In Give Me My Father’s Body, Kenn Harper tells the story of Minik, a young Inuk, who struggles to find his place in the world after he is removed from his home in Greenland. Harper details the struggles Minik faced while trying to reclaim his father’s body from the Museum of Natural History and the overall unethical behavior of the museum’s professionals. While the ethical issues discussed in the book are numerous, are they the same ethical issues museums are still dealing with today?
I talked with Brian Alexander, professor of museum administration at the Cooperstown Graduate Program, to discuss how advancements in technology and the demand to diversify will change the way in which museums deal with ethical questions. He talked about the importance of finding balance and accepting that as the world changes, so too will ethical issues. While code of ethics exist to help guide museums, it has been the experience of Professor Alexander that museum professionals must decide for themselves what constitutes acting in an ethical way. He stressed that regardless of the decisions made, museum professionals must not sacrifice the integrity of the institution.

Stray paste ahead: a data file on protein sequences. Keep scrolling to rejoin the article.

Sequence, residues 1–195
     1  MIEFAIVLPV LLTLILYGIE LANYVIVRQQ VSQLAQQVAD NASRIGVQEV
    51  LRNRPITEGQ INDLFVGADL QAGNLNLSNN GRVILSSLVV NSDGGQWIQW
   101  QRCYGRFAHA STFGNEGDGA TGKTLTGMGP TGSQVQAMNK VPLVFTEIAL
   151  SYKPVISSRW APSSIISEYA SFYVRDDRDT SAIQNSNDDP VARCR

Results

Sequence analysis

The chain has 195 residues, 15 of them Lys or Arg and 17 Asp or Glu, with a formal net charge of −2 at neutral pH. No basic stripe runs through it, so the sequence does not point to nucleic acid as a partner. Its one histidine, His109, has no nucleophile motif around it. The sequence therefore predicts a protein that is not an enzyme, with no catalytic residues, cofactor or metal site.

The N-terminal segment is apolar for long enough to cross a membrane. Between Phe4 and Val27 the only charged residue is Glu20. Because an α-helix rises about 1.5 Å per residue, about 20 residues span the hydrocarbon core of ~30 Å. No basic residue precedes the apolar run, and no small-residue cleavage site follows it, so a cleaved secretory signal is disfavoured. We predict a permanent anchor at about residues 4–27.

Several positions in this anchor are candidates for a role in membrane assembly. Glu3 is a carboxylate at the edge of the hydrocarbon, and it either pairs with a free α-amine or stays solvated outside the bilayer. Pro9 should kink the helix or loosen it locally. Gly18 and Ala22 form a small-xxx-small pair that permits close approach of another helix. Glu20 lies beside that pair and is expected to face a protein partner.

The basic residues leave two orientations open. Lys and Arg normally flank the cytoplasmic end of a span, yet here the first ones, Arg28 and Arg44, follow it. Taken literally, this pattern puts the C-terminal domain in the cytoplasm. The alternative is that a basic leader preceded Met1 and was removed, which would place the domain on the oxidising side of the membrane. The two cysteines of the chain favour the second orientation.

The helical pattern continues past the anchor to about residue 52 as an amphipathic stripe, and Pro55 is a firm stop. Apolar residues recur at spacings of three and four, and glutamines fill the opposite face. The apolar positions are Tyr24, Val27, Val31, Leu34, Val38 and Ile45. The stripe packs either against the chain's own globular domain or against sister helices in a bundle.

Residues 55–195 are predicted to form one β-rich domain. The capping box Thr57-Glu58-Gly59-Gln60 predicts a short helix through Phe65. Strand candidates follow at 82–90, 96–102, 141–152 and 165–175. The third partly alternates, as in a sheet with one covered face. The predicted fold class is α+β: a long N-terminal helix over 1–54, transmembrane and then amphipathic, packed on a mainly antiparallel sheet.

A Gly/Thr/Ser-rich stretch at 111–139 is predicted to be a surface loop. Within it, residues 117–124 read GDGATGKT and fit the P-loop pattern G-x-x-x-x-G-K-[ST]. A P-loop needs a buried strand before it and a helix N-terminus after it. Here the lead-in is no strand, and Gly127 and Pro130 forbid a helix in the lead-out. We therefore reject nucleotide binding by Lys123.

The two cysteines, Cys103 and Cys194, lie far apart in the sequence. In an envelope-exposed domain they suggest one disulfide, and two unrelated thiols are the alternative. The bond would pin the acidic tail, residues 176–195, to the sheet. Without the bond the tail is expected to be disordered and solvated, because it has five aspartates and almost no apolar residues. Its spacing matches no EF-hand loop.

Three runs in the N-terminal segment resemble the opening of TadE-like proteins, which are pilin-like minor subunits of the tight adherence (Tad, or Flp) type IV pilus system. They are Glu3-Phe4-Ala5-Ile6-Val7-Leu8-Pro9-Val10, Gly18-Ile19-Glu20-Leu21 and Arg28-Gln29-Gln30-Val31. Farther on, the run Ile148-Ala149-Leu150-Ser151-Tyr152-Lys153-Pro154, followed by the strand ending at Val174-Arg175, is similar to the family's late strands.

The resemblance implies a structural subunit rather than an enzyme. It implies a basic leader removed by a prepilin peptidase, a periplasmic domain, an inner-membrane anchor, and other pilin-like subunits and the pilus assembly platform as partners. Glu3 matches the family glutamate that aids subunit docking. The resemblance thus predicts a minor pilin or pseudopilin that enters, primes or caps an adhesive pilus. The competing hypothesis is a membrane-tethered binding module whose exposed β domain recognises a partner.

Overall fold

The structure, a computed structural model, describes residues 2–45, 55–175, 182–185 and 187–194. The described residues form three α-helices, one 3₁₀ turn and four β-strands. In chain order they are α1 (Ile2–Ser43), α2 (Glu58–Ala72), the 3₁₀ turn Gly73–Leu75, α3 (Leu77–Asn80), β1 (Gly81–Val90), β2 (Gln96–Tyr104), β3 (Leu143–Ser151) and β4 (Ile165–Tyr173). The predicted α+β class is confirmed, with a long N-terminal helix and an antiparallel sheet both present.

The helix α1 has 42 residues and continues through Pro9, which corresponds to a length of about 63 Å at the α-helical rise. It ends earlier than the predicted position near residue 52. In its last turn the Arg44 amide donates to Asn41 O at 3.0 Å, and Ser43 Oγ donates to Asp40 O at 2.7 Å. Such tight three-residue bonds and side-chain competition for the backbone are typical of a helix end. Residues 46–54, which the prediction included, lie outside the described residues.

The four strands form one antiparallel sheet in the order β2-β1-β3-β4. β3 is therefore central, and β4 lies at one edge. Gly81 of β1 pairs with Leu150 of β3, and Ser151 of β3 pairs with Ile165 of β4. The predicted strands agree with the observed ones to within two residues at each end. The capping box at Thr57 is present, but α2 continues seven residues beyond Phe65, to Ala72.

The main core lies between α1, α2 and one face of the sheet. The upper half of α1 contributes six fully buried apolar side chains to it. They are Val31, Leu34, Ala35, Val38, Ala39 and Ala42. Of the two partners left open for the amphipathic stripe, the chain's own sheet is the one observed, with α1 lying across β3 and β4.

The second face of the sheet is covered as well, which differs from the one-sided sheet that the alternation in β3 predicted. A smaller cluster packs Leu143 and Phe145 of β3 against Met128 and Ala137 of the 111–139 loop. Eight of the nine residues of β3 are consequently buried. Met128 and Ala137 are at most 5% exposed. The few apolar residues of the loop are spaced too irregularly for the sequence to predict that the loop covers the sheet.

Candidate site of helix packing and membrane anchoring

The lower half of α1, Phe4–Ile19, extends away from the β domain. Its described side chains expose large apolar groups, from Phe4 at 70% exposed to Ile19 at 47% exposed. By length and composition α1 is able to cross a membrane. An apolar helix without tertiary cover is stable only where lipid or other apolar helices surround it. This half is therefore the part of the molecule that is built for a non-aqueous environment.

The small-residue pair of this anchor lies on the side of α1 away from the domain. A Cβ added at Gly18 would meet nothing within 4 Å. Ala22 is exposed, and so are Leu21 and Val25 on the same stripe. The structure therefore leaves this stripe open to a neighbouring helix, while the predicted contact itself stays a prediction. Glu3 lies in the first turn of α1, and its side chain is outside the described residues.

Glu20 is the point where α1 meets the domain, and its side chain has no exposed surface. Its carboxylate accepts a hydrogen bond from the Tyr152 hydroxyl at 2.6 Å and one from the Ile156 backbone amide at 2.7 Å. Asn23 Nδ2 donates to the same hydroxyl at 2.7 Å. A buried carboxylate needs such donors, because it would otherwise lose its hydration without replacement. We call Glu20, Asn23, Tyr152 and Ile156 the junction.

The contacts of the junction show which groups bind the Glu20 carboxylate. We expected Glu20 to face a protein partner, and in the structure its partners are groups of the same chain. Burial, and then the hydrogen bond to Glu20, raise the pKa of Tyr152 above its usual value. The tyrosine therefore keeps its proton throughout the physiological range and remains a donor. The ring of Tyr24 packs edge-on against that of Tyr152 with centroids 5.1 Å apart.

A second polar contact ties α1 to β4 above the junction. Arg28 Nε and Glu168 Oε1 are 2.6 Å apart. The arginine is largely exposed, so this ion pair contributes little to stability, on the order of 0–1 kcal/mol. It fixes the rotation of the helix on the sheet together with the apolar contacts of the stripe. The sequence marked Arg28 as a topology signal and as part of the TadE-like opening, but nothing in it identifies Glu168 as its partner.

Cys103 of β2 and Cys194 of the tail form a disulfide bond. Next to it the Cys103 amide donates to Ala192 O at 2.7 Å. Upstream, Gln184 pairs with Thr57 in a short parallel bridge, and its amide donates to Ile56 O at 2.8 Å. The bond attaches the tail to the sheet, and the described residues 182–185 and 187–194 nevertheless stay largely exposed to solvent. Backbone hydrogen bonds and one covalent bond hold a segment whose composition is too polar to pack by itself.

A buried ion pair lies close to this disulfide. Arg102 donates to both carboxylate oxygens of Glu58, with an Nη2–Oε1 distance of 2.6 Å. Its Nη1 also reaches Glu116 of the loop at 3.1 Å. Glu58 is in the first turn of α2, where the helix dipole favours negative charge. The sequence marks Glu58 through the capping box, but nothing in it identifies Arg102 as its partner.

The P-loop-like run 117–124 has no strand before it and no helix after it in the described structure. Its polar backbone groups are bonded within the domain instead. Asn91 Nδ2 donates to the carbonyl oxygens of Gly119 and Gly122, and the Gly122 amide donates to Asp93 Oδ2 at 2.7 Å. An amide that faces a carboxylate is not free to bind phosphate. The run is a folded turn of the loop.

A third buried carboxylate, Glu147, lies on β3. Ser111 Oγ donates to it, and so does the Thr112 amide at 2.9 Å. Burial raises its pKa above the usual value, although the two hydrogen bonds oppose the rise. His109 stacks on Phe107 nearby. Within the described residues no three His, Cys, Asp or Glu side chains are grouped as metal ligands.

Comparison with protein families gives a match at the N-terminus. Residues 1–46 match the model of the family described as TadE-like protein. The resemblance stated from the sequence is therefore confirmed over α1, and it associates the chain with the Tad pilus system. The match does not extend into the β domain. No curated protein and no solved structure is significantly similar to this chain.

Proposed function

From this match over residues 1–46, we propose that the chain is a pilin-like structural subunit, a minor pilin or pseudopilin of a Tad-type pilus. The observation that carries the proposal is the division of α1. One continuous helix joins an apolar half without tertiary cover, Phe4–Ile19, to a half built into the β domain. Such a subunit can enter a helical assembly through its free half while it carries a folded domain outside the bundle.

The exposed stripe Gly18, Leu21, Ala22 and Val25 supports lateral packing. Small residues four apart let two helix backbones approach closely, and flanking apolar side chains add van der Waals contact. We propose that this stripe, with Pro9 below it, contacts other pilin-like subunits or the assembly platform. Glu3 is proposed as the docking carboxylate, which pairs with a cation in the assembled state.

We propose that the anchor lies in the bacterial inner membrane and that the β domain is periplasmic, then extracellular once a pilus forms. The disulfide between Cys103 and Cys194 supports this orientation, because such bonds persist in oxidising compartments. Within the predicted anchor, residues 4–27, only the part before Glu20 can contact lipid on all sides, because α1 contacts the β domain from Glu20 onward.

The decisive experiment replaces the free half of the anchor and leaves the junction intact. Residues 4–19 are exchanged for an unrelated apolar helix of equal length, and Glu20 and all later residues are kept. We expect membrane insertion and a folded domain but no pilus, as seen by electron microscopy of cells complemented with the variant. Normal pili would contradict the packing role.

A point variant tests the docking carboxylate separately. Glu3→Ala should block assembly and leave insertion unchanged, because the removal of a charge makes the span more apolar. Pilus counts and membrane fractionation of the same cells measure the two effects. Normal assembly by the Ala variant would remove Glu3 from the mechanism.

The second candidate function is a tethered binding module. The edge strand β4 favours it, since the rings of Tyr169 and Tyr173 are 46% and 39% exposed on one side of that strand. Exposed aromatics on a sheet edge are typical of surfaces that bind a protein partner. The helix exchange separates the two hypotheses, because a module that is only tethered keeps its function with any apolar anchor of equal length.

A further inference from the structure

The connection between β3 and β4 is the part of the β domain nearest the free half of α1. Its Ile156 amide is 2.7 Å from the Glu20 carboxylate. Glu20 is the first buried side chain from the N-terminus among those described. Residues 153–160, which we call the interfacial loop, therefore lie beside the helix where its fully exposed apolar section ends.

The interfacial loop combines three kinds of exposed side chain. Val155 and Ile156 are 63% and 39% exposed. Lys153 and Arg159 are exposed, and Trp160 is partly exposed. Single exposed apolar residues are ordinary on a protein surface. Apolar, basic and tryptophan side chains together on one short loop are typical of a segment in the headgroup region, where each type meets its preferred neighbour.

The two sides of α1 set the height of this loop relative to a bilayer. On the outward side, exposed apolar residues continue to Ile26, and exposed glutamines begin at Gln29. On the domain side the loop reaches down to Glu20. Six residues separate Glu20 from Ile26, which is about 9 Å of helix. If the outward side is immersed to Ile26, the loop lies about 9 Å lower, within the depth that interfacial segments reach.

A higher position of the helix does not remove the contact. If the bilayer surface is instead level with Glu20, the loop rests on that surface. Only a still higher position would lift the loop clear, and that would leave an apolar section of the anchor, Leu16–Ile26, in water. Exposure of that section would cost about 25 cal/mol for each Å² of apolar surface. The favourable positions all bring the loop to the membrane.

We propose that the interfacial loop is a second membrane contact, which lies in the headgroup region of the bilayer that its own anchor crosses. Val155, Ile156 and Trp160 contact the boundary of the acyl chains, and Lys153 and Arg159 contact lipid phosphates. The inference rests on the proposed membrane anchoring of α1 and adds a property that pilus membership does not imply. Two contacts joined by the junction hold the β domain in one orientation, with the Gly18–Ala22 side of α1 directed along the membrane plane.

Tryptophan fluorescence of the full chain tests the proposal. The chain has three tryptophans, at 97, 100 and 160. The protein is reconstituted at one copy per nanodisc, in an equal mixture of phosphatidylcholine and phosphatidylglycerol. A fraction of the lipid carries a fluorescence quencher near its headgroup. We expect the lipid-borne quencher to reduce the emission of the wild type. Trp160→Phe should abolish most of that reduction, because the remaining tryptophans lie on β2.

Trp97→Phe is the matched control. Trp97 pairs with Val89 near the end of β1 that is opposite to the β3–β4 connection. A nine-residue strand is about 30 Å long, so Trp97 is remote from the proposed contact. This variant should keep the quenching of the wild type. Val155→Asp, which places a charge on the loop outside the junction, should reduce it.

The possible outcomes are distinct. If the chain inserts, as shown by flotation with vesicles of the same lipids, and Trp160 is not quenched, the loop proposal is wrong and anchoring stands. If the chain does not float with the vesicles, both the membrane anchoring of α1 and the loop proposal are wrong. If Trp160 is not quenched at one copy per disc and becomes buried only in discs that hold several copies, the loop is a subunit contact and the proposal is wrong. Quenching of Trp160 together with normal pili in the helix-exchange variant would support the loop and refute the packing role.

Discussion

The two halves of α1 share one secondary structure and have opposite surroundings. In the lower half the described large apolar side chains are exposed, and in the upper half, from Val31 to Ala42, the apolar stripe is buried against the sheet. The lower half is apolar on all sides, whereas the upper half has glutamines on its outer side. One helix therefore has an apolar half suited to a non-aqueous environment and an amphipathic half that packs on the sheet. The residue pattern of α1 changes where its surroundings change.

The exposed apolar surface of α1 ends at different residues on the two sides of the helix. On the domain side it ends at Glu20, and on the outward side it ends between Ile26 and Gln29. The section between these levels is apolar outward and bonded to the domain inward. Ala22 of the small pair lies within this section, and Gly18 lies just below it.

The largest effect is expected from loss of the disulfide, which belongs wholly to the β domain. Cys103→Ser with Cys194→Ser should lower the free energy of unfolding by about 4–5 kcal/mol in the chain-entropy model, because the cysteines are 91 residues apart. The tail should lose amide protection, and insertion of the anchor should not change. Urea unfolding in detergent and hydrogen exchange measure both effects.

Fortunately, laws governing the ethical treatment and repatriation of human remains, have helped decrease the issues found in Give Me My Father’s Body, but due to advancements in technology and a demand to see more diversity in museums, new ethical issues are bound to arise. What are some ethical concerns that may arise in this new diverse and digital age?